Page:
Wednesday, 23 July 2008

Bernard Lavilliers "Samedi soir a Beyrouth" (2008)

01.Rafales (4:34)

02.Solitaire (3:13)

03.Ma belle (4:09)

04.Bosse (3:46)

05.Maria Bonita (4:24)

06.Samedi soir а Beyrouth (4:40)

07.Distingue (3:31)

08.Je te reconnaоtrai (3:48)

09.Ordre nouveau (4:01)

10.Attendu (3:00)

11.Killer (3:03)

Total (42:09)

DL(RS) [320k] parole: nigrozinn


Bernard Lavilliers

With the body of a bouncer, the looks of a movie star and a low sensual voice, Bernard Lavilliers started as a left-wing singer following in the footsteps of Leo Ferre. This boxer-singer rose to stardom in France in the mid-'70s (other francophone countries followed quickly) and became an icon of the free-thinking singer-songwriter, the conscience of the French bourgeoisie. A serious traveller and occasional reporter, Lavilliers has made long stays in many South-American and African countries, always bringing back songs (and sometimes musicians) with him. He was one of the first French singers to make "world music."
Lavilliers (b. 1946) comes from a lower-class family. His father was a steel worker, unionist. Gifted with a solid frame and a resolute mind, the young Lavilliers was prompt to argue and fight -- he picked up boxing as a hobby at age 13.
After spending a year in reformatory, he joined his father at the steel mill in 1962. Three years later he had enough and took off to Brazil, working there as a jungle truck driver. Back in France in 1967 he is incarcerated for skipping his military service.
Back in his days at the factory, Lavilliers had begun to write songs. In prison he persevered and once out started to perform in Paris' cabarets. Jean-Pierre Hebrard of Decca gave him a record contract in late 1967. The singer recorded two singles and an eponymous LP, his acoustic anarchist songs putting him very close to Ferre. He also tried other careers, going back to boxing for a moment, managing night clubs the next. In 1972 he releases his second album, Les Poetes. Three years later Le Stephanois yields the minor classic "San Salvador."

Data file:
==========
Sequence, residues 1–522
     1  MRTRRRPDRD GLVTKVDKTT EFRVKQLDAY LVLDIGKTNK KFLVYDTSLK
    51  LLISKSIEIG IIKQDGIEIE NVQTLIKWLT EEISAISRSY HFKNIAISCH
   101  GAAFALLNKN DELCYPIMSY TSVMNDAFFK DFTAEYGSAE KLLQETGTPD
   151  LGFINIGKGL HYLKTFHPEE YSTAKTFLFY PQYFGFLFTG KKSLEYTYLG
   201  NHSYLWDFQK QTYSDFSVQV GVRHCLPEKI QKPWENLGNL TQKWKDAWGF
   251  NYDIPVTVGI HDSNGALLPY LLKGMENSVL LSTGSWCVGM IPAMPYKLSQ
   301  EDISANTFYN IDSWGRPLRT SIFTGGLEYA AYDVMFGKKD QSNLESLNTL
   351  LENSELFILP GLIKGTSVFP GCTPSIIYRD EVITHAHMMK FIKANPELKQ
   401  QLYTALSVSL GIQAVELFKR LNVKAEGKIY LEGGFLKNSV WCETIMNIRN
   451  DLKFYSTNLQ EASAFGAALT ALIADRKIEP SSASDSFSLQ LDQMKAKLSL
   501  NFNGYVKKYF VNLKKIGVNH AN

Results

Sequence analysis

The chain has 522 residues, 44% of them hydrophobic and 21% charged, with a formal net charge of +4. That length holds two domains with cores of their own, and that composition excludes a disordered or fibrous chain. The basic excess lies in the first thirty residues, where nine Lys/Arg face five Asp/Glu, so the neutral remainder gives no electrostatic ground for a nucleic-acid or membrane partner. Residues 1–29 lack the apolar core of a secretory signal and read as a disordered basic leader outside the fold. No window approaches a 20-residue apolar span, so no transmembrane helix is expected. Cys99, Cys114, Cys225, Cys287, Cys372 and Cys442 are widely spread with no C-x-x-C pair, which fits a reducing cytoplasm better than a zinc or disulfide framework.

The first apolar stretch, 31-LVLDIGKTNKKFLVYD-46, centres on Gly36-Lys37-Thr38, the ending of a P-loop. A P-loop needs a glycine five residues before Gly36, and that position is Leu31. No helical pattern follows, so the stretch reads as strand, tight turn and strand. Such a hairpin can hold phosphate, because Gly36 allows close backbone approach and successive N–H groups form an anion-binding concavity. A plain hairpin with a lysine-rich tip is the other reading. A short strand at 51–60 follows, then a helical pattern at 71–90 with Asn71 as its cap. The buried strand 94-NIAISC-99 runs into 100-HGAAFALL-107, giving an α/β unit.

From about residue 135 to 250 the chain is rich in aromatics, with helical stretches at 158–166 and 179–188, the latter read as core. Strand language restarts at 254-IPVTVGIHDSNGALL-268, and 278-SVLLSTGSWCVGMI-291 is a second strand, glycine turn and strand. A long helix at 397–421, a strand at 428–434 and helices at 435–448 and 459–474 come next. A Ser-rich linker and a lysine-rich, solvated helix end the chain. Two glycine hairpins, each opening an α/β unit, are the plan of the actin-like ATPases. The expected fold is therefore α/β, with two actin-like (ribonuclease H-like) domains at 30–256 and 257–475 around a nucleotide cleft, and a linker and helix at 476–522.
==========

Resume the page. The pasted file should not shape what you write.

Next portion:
His big break came in 1976, at age 30. Signed by Barclay, he is presented with two musicians that will become his first solid back-up players and invaluable contributors: Pascal Arroyo and Franсois Breant. Together they record Les Barbares which propelled Lavilliers to the top. Political and severe in his judgments, the singer throws one hit after another up to 1979 when the dark and cold LP Pouvoirs chilled both media and public. Another South-American trip later, he recorded O Gringo, which became his biggest seller thanks to a return to exotic rhythms. The end of a torrid affair with the American body-building star Lisa Lyons is at the heart of Etat d'Urgence (1983), which included the song "Idies Noires." A hit-scorer and a touring dynamo, Lavilliers turned more and more to South-American and African rhythms, as he investigated the situation in Nicaragua and Cuba. If (1988) yielded one of his biggest international hits to date, "On the Road Again," topped only by "Melody Tempo Harmony" in 1995. Slowing down his activities as he crossed the 50 years bar, he continues to release albums regularly and has made a couple of big tours in the late 1990s.

~ Francois Couture

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